Well, its a while since I asked a silly question so here's another one. I can't find this topic anywhere but I bet it has been asked before. If so I apologise.
I have fretted my last few instruments and manage to get slots that allow the wire to be pushed in good and tight without glue, but up to this point I have used fret wire that comes in small straight lengths.
I want to buy fret wire from a UK supplier (due to cost) and want to buy in moderate quantities (5 to 20 metres). All the wire that I see sold in these lengths is coiled. Does anyone have experience of fretting flat fretboards with this sort of wire?
Your help would be much appreciated.
All the best.
I say, you can do it.
I have installed the curved strips on a flat fingerboard, with a few hammer strokes tapes sink sawn slot without any special problems. And I no longer even the glue used.
A small piece of wood I've used a hammer to help, so that the hammer strikes do not go directly to the fret or the fingerboard.
Latest curved frets i bought from C.B.Gitty and installed them on my latest 3 - string "Elovena" tin box guitar
Thanks for the information. That's really good to know.
All the best and thanks again.
P.S. I love the guitar in the photo. Adding the headstock graphic was a really good move.
Go for it John. If you think you need to, make a jig to semi-flatten them BUT I wouldn't hammer them in unless you are really good at hammering frets. I have a device that I use to press in frets. Actually a bastardized drill bit that has a 20cm+/- flat area that is about right for pressing in frets. I will try to get a pic to you soon.
I kinda find that fret wire that is slightly bent anyhow makes for nice ends. The ends tend to droop a little, thus making them feel tighter onto the fingerboard at the ends. Almost like a spring.
Thanks for the info. It's good to know that other people are using curved frets with flat fretboards.
All the best.
That's just the sort of thing I was hoping to hear. I appreciate the information.
All the best.
Grizzly had em? Go figure. Nice to know. A little thinner tang than Ben's or StewMac's but usable none the less.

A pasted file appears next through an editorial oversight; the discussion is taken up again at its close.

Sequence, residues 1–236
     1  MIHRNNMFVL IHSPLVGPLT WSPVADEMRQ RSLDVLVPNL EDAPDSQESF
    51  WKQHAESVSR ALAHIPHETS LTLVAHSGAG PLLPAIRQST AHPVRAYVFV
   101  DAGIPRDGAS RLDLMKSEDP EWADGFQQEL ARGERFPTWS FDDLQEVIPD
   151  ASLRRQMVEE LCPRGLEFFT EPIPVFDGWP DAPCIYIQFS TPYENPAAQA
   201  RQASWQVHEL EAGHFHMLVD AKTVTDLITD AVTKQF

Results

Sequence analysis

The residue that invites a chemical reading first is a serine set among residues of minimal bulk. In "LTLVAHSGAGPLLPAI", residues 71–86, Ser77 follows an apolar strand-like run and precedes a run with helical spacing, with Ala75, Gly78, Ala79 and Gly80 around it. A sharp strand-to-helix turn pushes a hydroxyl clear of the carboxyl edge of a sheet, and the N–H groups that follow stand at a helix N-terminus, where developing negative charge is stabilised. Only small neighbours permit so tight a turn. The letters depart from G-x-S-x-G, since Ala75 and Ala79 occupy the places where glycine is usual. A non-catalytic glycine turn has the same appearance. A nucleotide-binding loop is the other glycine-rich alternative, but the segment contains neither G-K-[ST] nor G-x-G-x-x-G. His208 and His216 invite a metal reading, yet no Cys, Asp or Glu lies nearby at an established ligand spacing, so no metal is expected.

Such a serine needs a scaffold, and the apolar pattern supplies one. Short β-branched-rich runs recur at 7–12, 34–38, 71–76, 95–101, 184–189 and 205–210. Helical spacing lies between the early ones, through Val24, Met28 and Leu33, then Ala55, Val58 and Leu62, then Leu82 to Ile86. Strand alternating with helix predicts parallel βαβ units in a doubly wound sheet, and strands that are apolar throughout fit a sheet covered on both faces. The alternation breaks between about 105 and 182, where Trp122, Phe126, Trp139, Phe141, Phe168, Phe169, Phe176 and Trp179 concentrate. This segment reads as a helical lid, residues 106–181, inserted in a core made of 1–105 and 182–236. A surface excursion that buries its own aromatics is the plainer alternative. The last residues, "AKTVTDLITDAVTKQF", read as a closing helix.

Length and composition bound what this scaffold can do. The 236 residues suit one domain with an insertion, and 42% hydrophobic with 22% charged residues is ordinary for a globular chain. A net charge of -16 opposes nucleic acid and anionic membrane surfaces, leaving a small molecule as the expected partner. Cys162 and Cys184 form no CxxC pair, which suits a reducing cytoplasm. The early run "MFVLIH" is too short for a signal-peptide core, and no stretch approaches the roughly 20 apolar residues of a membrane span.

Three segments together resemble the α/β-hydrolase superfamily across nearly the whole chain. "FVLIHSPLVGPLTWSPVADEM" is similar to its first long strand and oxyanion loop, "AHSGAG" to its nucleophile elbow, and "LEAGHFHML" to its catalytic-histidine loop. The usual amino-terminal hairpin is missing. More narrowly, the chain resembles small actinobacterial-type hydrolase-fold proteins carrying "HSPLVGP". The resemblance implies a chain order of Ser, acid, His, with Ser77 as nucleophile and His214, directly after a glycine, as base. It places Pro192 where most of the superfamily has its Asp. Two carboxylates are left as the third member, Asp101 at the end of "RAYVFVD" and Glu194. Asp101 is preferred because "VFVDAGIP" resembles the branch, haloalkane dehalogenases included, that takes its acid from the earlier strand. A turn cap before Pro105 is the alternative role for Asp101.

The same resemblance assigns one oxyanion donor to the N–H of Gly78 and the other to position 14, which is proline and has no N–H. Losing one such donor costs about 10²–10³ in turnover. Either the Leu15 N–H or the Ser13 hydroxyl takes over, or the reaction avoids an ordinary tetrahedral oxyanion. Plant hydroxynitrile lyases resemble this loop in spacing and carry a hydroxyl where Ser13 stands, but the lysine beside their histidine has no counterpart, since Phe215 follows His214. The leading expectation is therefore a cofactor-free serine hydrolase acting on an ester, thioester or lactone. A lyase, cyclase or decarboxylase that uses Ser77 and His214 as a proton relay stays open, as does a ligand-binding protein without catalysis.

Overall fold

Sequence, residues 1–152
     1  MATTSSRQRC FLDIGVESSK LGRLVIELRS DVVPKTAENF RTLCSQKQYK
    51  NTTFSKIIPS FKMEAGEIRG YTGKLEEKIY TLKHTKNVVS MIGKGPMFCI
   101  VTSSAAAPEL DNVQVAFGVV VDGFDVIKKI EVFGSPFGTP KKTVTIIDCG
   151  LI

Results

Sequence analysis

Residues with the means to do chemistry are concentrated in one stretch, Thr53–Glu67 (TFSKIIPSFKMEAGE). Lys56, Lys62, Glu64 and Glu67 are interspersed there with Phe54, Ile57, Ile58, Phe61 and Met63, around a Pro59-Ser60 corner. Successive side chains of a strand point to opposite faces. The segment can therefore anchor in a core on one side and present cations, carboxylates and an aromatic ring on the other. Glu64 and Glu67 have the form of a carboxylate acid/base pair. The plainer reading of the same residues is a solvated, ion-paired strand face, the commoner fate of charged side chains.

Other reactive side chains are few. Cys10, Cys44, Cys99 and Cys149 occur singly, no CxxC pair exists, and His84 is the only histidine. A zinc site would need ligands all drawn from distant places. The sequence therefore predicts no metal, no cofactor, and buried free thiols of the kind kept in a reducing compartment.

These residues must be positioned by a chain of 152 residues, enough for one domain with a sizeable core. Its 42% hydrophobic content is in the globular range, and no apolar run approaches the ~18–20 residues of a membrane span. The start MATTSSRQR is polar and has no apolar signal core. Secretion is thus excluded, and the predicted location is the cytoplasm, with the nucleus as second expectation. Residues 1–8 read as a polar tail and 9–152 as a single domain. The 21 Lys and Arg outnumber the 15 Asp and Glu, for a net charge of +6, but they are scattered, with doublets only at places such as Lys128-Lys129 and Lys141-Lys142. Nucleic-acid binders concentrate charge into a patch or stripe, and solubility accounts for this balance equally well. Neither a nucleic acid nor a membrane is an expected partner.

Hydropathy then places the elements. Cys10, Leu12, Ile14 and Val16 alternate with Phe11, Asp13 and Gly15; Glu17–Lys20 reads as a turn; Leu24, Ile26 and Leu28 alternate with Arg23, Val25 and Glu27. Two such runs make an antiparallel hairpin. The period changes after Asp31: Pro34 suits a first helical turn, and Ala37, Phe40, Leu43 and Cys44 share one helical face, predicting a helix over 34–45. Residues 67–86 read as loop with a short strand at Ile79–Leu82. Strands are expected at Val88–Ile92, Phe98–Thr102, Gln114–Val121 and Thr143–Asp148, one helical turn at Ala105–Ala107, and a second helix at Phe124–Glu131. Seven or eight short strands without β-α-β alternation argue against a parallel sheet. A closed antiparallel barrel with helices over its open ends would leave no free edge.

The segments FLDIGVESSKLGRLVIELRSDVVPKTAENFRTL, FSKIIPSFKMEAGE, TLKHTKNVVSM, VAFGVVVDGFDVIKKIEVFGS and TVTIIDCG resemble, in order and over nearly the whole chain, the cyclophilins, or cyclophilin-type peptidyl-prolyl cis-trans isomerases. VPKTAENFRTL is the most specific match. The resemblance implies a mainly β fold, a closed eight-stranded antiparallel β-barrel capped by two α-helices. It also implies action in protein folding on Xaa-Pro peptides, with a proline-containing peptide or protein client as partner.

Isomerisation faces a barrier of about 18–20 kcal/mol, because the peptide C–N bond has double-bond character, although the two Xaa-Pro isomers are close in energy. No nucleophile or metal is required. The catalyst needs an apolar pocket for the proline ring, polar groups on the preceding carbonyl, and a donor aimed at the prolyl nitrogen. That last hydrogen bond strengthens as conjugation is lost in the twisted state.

Travis "SlackJack" Woodall said:
John, I buy my fretwire from Grizzly Industrial in 18" lengths. It is curved and works fine. I tap it into place with a plastic tipped mallet and use the cross cut of a piece of hickory and tap that with the metal end....flatten it right out.....and never use glue. Fret saw all the way. The wood will hold the frets in place.
One more thing to add:
I had a quick look and tonetech sells 20m of flat wire (of 600mm straight lengths) for £38.46 (not sure about postal costs)
also it may not be the height etc that you want http://www.tonetechluthiersupplies.co.uk/Jescar-Fret-Wire/Nickel-Si...
other coils cost between £63 to £74 per 20m coil or about £1 - £1.14 per foot (taking 20m = 65 foot approx) plus postage.
Unless you have found a cheaper supplier snow cauldron on ebay sells it in 2 foot lengths (flat) for between £1.95 (97.5p per foot) and £2.45 (£1.25.5 per foot) and the postage is a flat £2.20 http://www.ebay.co.uk/sch/snowcauldron/m.html?hash=item2314af66b2&a... so buying a big coil at these prices doesn't save much especially as you are used to successfully making CBGs with flat fret wire.
I realise it doesn't answer the initial question but I thought the alternative options may be worth a look.
Thanks. There are some useful links there. I had a look at the Tonetech site. I noticed that gold fret wire is a bit more that £1 more (for 20 metres) than the nickel and is harder but not as hard as stainless. This looks like a good deal I think. Any oppinions about using gold wire?
Thanks. I will contact you through the personal messages with my email address, which is also on my new website (the one I mentioned in a blog post today, plug, plug) which is www.roadkillmusic.co.uk.
Thanks again and all the best.
Ellwood, due to some other instances whereby someone else took an idea of mine and is now selling it online as part of their product line, I would rather send it to you via email. I will gladly share the plans and ideas, but on the condition that it NOT be reproduced for commercial purposes.